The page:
And on this July Fourth all honor more
To our starred banner, carried by the war
To float in France that freedom might not die,
To recognize our common cause of right,
To bear our proper burden in the fight.

Paris; voices, faces strange, strange ways;
A military life we were n't used to;
A gorgeous pageant passed before our gaze --
A sea of uniforms, red, brown, and blue;
A sense of strangeness ---everything was new;
The city seemed a mystic, wondrous maze
Of shops and boulevards, a swirl of life
All colored, saddened, by the tireless strife.

Then onward to the war zone, to a town
Long torn and ruined by the German hate,
Long subject to the cruel invader's frown,
Despoiled and ransacked, left unto its fate.
Gone the invaders now; and now elate
With courage brutal force could not beat down,
Were these brave folk of ruined Picardy
Glad to be living, glad but to be free!

Then came the endless waiting, when we yearned
For war-like days of action and of dash
A month had passed before at last we turned
Up toward the front, and heard the thundering crash
Of cannon; learned the work at night; the flash
Of guns that light the way; men gassed and burned,
Men ripped by steel, the endless round of things
That war with all its changeless turmoil brings.

Then on the Aisne there came our days of stress,
The thundering barrage, its endless beat;
The thrill of the attack, the sudden press,
The wounded straggling from the battle's heat;
The swift advance that brought the Boche defeat,
The joy of power, the glory of success;
Those days and nights that passed with scarce a rest
Still seem to us the finest and the best.

Then came the winter's dreariness and cold
When all the pomp and glory died away,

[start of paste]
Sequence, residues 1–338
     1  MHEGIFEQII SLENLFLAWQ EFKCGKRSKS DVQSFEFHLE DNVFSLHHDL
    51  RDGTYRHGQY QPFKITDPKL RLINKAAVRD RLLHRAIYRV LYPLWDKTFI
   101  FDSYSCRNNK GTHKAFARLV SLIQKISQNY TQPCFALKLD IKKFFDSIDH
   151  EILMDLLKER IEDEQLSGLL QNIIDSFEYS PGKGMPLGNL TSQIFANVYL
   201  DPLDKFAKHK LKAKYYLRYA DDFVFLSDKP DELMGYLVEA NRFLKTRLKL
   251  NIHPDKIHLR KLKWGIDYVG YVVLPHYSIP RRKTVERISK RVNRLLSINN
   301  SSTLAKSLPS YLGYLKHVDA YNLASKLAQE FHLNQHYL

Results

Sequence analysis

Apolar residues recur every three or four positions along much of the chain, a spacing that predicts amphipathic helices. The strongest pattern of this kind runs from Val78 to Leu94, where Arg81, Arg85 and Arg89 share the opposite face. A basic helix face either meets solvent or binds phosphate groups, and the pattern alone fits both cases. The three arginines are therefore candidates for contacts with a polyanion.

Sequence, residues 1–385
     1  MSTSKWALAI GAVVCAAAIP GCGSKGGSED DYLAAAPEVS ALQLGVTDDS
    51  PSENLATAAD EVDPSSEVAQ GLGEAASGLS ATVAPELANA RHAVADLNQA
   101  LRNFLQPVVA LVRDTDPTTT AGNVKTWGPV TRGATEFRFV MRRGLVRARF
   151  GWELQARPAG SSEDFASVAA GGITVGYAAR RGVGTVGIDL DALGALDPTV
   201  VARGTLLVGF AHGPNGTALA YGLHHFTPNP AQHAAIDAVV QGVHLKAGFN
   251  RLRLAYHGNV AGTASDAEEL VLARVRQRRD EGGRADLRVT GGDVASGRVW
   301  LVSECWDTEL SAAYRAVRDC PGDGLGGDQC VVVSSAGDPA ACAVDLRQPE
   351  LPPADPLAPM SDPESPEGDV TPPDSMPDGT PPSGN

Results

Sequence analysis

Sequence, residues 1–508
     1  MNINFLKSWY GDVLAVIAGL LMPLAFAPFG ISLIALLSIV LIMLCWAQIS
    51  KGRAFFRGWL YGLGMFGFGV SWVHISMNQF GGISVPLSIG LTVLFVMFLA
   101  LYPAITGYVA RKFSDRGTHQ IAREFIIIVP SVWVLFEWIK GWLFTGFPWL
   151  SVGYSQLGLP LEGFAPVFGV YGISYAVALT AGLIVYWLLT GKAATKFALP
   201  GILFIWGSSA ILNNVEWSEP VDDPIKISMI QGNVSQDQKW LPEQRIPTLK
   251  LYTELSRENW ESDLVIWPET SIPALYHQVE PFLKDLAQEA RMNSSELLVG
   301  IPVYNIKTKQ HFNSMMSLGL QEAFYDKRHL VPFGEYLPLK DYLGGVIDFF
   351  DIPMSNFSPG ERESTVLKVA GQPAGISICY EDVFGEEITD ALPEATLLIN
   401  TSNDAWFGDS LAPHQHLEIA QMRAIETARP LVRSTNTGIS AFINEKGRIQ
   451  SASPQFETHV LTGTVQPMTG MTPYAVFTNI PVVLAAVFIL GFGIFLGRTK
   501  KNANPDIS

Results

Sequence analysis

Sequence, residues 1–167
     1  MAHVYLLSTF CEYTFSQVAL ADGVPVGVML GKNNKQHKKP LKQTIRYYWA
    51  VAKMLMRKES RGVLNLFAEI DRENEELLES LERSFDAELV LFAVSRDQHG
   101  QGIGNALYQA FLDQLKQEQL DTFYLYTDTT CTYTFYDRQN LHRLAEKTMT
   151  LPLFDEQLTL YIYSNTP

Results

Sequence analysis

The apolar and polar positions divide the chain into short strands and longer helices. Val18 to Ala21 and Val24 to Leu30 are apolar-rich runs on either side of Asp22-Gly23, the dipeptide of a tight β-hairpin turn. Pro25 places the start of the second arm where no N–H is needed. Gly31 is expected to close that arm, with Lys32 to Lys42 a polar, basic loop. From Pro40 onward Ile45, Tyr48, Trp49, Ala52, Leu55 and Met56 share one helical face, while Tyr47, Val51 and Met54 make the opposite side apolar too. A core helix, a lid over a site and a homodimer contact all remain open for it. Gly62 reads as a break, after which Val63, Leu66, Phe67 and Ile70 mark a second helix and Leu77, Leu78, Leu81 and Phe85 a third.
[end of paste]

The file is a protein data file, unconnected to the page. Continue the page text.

When things that thrilled us once seemed poor and old;
And newness ceased; the life had come to stay;
Few changes marked the passing of the day.
Slowly we fitted to war's patterned mould;
Long tedium came, o'ershadowing the start,
Killing the eager flame within the heart.

At last came promise of the greening spring,
And sunshine mixed with sudden sleet and snow;
We wondered ever what these days would bring,
And when and where would fall the German blow;
Our eyes turned ever toward the menacing foe;
The days grew warm; the birds began to sing;
Then terror came; the cannon boomed again,
And lavish death cut down the ranks of men.

Now once again has come the stirring round:
The line, the convoy, and the work at night;
The cannons' endless monotone of sound,
And evening skies a-waver with their light. . .
Soon may they pass, these days of brutal Might,
And in the victory may there be found
The joy of living that we knew of old,
The gentle peace that is the finest gold!

"Sud de l'Aisne"
July, 1918

 

PLOUGHING AT SUNSET

UPON the hilltop, sharp against the evening sky,
He ploughed; the upturned furrows
Stretched away --- a mark of labor done.
The sun, with paling flush,
Sank down behind the furrowed skyline.
Graying clouds in somber movement
Gathered in the west. . . . .
Slowly up and down he ploughed;
Furrow after furrow
Turned its red soil toward the darkening sky.
The brown trees stood as sentinels.
Slowly, up and down, another and another
Rich, red roll of earth joined with the last;
All color left the west, and twilight came,
And dusk;
Still there upon the hilltop
Silhouetted brown against the darkening sky
He trudged behind his plodding team,
Ploughing, ploughing. . . . .

March, 1917

 

LONELY LAND

LONELY roads that stretch away
As the sunset darkens;
Lonely sounds at close of day
As the wanderer hearkens;

Lonely clouds that fill the sky,
Dull and ever shifting;
Lonely trees that straggle high,
Barren limbs uplifting;

Lonely winds that bleakly blow
As the night comes on;
Lonely streams that coldly flow,
Eager to be gone;

Lonely worlds that stretch away
As the sunset darkens;
Lonely hearts at close of day
As the wanderer hearkens.

1916

 

LONGING

I AM the soul of winter,
The sweeping reach of snow,
The frozen pond, the beaten road,
The nights when blizzards blow;
I am the icy storm wind,
The silence and the chill;
I am the pulse of Longing
That never will be still.

I am the burning desert,
The choking heat, the sand,
The stretching purple mountain range
Of long-forgotten land---
The endless, awful silence,
Its grim and powerful will;
I am the pulse of longing
That never will be still.

I am the endless vastness
Untouched by human hand;
I am the goal of wanderlust,
The heart of virgin land---
The singing, unknown river,
Its mystery, its thrill;
I am the pulse of Longing
That never will be still.

I am the heart of solitude,
I am the ocean's call;